In the decades since government restrictions reduced logging on federal lands, the timber industry has promoted the idea that private lands are less prone to wildfires, saying that forests thick with trees fuel bigger, more destructive blazes. But an analysis by OPB and ProPublica shows last month’s fires burned as intensely on private forests with large-scale logging operations as they did, on average, on federal lands that cut fewer trees. Continue Reading Despite What The Logging Industry Says, Cutting Down Trees Isn’t Stopping Catastrophic Wildfires
As we find ourselves in the coldest, darkest days of the year during the worst-case surge yet, it can feel like a herculean task just to take a daily walk around the block. Some studies found that even little five-minute outdoor excursions can benefit our health — but 20 to 60 minutes is even better. Continue Reading The Importance Of Avoiding Cabin Fever During The Northwest’s Pandemic Winter
Produced by a diverse group of filmmakers assembled by 1504, a studio based in Birmingham, Ala., For The Sake Of Old Times pairs the performance of “Auld Lang Syne” with archival footage from 2020, particularly of the summer’s racial justice protests. Continue Reading You Might Be Ready To Forget 2020. This Short Film with ‘Auld Lang Syne’ Reminds Why You Shouldn’t
In this installment of the “Past as Prologue” series comes the story of a U.S. soldier, Sgt. George Yamauchi , from Pasco. He asked in 1943: ‘What is an American?’ Yamauchi penned the question in the local newspaper after his family was persecuted. The question defining who is an American is as relevant today as it was then. Continue Reading Past As Prologue: ‘What Is An American?’ Asks A Soldier From Pasco Whose Family Was Interned
COVID-19 cases are hitting record highs throughout the state. And the reservation’s borders are fluid, so even the tribe’s extensive precautions haven’t been enough to fully protect Colville members. About 300 people on the Colville Reservation have tested positive for the coronavirus. Continue Reading ‘Last Little Hurrah’ Thwarts Colville Tribes’ Effort To Keep COVID-19 Off Reservation
The aid, delivered in two separate packages over the course of the year, went to a wide variety of people in agriculture, including corn and soybean farmers, cattle ranchers, and fruit and vegetable producers. The $46 billion in direct government payments to farmers in 2020 broke the previous annual record by about $10 billion, even after accounting for inflation. Continue Reading Farmers Got Big Government Pandemic Relief In 2020, Even Those Who Didn’t Need It
Gov. Jay Inslee on Wednesday extended restrictions on businesses and social gatherings because of the COVID-19 pandemic for another week. Inslee said the restrictions are now due to expire Jan. 11. Continue Reading Jay Inslee Extends Washington COVID Closures To Jan. 11, More Reopening Details Coming Soon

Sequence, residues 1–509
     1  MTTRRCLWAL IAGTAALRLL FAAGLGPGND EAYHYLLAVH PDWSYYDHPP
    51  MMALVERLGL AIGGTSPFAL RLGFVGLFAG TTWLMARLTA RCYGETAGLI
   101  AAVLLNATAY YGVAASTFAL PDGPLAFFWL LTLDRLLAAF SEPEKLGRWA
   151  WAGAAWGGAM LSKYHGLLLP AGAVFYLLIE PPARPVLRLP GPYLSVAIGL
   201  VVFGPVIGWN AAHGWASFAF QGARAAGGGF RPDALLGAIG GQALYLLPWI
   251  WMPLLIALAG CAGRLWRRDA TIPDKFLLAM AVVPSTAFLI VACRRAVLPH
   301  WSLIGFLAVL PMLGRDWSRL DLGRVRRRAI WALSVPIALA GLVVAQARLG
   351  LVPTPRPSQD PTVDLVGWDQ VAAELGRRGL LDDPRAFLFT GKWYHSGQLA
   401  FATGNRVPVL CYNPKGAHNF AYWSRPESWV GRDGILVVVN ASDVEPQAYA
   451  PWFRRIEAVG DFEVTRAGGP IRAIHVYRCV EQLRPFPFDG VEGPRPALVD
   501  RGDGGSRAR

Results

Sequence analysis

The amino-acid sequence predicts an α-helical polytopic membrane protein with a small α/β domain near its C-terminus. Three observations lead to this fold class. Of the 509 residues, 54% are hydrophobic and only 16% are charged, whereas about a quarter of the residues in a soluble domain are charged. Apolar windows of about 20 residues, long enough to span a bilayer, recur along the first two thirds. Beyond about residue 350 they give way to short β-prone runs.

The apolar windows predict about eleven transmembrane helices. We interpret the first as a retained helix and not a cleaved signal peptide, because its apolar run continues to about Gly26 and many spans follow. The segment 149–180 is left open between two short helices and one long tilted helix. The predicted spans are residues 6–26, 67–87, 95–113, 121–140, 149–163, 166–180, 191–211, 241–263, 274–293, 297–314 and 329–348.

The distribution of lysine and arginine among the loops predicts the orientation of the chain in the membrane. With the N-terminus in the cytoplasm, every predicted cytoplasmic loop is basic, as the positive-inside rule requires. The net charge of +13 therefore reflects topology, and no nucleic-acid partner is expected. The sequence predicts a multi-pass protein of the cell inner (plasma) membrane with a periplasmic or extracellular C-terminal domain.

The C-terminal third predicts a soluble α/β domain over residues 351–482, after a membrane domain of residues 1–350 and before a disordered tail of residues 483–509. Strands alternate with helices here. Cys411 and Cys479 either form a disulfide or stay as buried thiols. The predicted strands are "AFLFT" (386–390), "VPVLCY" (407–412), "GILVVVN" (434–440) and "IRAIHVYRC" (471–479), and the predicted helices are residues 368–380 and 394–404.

Rachel Jameton struggled as a new teacher at Lewis Clark State College in Lewiston, Idaho. Her colleague, Jane Finan, co-taught biology with her. The two talk about mentorship and how disappointing a teacher can be transformative for a student, in this episode of StoryCorps Northwest, recorded virtually. Continue Reading StoryCorps Northwest: Two Science Professors On The Importance Of Mentorship
The first time it happened, it was a squeezing feeling. I felt like I couldn’t breathe. My heart raced. At the hospital, I got an EKG and took a blood test. It wasn’t a heart attack. Just felt like one. Doctors are learning COVID-19 isn’t just a respiratory illness. Some of those who’ve had it, like me, end up with heart inflammation, heart rhythm problems or worse. Continue Reading Correspondent And COVID ‘Long Hauler’ Anna King: As 2021 Rings In, Consider Staying Home
Some school districts are reporting a higher level of failing grades this fall. A report from the consultant McKinsey & Company estimated that students were three months behind in math when they started the school year. And another study said learning losses were minimal, but left out many students from the analysis. Continue Reading Schools Face A Massive Challenge To Make Up For Learning Lost During The Pandemic
David Bowen has owned his own bar in Cle Elum, been a Kittitas County commissioner and managed groundwater nitrate cleanup in the Yakima Valley. Now, he’ll hold the U.S. Department of Energy accountable for its cleanup at the site using the Tri-Party Agreement. That’s a 1989 document struck between Ecology, the federal Department of Energy and the U.S. Environmental Protection Agency. Continue Reading Aging Tanks, Aging Watchdogs: Lots To Work On For Washington’s New Waste Program Manager
By 1950, 20% of Pasco’s approximately 10,000 residents were Black, almost all living in slum conditions. Few lived in the new atomic community of Richland and none in “lily-white” Kennewick — a fact of which Kennewick city leaders and police at the time were proud. Not only was housing segregated, but Black residents were forced to endure broad discrimination in employment and education. Continue Reading Past As Prologue: Remembering A Pasco Civil Rights Protest And Discrimination That Built Tri-Cities
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